Food Safety Regulations Series: The Philippines

Monday, January 15th, 2018

To better understand the food regulatory landscape in Asia, APFI has spoken to law firms that specialise in food law from five different countries across Asia, which include China, Thailand, Vietnam, Singapore and the Philippines. By Farah Nazurah

In the fifth and final part of the series, we look at food safety regulations in the Philippines. John Cabilao, partner, BCCS Law, share his advice.

How do food regulation and registration vary depending on the product or category?


In the Philippines, food products are generally classified into two categories, namely: primary production and post-harvest stages of the food supply chain; and processed food. Each category is regulated by different government agencies.

Regulation of primary production and post-harvest stages of the food supply chain falls under the Department of Agriculture and its regulatory agencies depending on the specific type of food involved. For instance, the Bureau of Plant Industry regulates fresh plants, the National Meat Inspection Service regulates meats, and the Bureau of Animal Industry is responsible for food derived from animals, including eggs and honey production.

On the other hand, regulation of processed food as well food product packaging activities falls under the Department of Health (DOH), particularly its regulatory arm, the Food and Drug Administration (FDA).

The FDA categorises food products based on risk—low risk food, medium risk food, and high risk food. The higher the risk level, the higher the level of regulation.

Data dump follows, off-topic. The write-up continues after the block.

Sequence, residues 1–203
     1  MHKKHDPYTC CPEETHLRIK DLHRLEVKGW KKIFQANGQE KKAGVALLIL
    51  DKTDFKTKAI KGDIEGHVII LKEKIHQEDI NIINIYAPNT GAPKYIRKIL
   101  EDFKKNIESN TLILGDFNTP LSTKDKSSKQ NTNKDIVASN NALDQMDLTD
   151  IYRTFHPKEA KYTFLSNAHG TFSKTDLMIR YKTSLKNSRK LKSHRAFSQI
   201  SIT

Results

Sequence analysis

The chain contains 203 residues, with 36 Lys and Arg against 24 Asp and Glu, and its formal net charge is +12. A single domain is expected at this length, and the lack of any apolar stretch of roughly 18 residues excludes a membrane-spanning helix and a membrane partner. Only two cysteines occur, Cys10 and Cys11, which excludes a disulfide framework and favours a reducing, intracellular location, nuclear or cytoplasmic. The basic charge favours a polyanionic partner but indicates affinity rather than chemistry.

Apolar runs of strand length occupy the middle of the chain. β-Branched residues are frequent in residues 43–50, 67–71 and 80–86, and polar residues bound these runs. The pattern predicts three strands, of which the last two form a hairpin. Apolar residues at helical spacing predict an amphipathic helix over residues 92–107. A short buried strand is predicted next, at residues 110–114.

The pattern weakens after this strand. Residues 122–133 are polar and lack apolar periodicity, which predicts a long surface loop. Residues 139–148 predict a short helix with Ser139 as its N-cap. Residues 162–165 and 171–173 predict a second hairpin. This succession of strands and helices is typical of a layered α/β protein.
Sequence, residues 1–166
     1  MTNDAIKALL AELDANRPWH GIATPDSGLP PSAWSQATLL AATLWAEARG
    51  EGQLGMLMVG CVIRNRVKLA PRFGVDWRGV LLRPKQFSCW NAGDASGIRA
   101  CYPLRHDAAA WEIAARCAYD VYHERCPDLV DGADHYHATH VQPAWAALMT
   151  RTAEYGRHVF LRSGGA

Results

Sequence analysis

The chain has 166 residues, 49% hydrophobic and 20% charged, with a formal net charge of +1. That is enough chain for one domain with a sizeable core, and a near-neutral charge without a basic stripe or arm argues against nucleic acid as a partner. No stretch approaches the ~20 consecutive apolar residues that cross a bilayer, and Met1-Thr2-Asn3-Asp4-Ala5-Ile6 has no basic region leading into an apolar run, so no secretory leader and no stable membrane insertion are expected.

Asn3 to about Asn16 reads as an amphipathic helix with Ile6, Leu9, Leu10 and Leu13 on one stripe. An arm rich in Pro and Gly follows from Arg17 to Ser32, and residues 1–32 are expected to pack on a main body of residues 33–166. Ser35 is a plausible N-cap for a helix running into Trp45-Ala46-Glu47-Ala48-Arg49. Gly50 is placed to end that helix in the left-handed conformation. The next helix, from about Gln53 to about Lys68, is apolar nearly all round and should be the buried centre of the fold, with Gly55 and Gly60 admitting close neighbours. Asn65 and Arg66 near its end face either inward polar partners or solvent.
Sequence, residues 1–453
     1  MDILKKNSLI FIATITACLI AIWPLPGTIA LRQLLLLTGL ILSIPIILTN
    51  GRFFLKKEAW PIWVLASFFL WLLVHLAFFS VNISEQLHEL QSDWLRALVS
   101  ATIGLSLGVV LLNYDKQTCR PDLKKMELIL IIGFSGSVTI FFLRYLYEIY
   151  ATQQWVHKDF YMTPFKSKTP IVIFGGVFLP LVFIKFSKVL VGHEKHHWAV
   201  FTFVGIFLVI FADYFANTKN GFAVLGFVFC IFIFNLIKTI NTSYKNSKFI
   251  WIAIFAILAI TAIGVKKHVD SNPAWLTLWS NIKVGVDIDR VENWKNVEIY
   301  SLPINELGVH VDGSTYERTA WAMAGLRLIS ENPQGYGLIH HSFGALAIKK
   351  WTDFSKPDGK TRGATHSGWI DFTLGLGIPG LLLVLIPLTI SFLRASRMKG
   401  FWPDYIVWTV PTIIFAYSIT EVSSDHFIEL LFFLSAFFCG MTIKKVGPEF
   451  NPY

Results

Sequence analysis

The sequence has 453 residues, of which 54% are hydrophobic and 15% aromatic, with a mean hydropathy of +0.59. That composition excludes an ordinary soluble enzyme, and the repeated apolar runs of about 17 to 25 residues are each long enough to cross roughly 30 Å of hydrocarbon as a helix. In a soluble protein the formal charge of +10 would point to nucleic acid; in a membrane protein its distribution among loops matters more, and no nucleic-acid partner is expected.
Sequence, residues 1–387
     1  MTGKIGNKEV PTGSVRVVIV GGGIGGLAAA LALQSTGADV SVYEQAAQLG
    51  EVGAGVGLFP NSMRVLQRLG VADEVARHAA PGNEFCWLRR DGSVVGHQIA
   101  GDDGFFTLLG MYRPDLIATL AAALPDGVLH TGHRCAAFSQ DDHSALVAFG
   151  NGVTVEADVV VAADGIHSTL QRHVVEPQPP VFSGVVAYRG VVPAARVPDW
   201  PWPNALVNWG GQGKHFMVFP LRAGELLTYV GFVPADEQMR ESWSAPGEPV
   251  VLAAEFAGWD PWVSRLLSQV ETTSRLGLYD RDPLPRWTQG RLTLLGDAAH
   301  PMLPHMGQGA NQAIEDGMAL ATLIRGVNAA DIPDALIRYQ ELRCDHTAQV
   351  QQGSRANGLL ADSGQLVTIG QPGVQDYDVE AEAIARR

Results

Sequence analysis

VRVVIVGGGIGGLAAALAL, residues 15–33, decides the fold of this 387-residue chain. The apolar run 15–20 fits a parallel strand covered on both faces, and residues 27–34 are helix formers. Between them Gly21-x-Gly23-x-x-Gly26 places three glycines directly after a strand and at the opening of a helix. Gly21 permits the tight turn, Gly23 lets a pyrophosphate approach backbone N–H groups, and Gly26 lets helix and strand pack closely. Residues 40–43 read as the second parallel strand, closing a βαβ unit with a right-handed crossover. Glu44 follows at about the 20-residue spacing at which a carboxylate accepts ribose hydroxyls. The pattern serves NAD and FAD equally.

In either of the general food categories, the necessary licenses and product registrations need to be obtained from the appropriate government agency having jurisdiction over the food product involved.  

Have you observed any growth in the number of food and beverage companies entering the market in the Philippines?


Yes, we’ve seen a steady growth in the entry of food and beverage companies in the Philippine market over the last five to ten years, particularly in the manufacturing and retail sectors, mostly through the formation of strategic alliances with Philippine partners and establishment of subsidiary/affiliate companies to make their products commercially available locally.

What regulatory hurdles should manufacturers be aware of when entering the food market in the Philippines?


Apart from complying with business setup requirements at the national and local government levels, food manufacturers (of processed food) need to secure the necessary licenses and market authorisations from the FDA before they can actually engage in food manufacturing activities.  The FDA licensing and market authorisations procedure is a tedious and time-consuming process entailing submission of various technical documents and compliance with regulatory requirements. For this purpose, it is essential for food manufacturers to work with an FDA-Qualified Person in Industry Regulatory Affairs (QPIRA) for proper guidance.

Do you predict any changes to Philippines’s food industry in the near future?


We anticipate major changes in terms of focus on food safety, quality and production efficiency as the industry makes use of new developments in food processing technology to meet high food supply demand and Filipino consumers’ increasing preference for fresh, minimally processed foods and specialty foods.

As food safety is of top importance to consumers (amidst recent food scandals), how can manufacturers ensure their products are safe and traceable for consumers?


Food manufacturers need to regularly review their supply chain from ‘farm to market’ and ensure compliance with proper standards at each step of the way. With the supply chain now global in scope, they should look to tap innovations in technology systems to better manage food safety and traceability.

Food manufacturers should also consider providing access to relevant data such as the source of the foods and other value added information in order to elevate consumer confidence about what they are eating. This will ensure transmittal of accurate facts and information, and not peddled myths especially those on the internet and social media.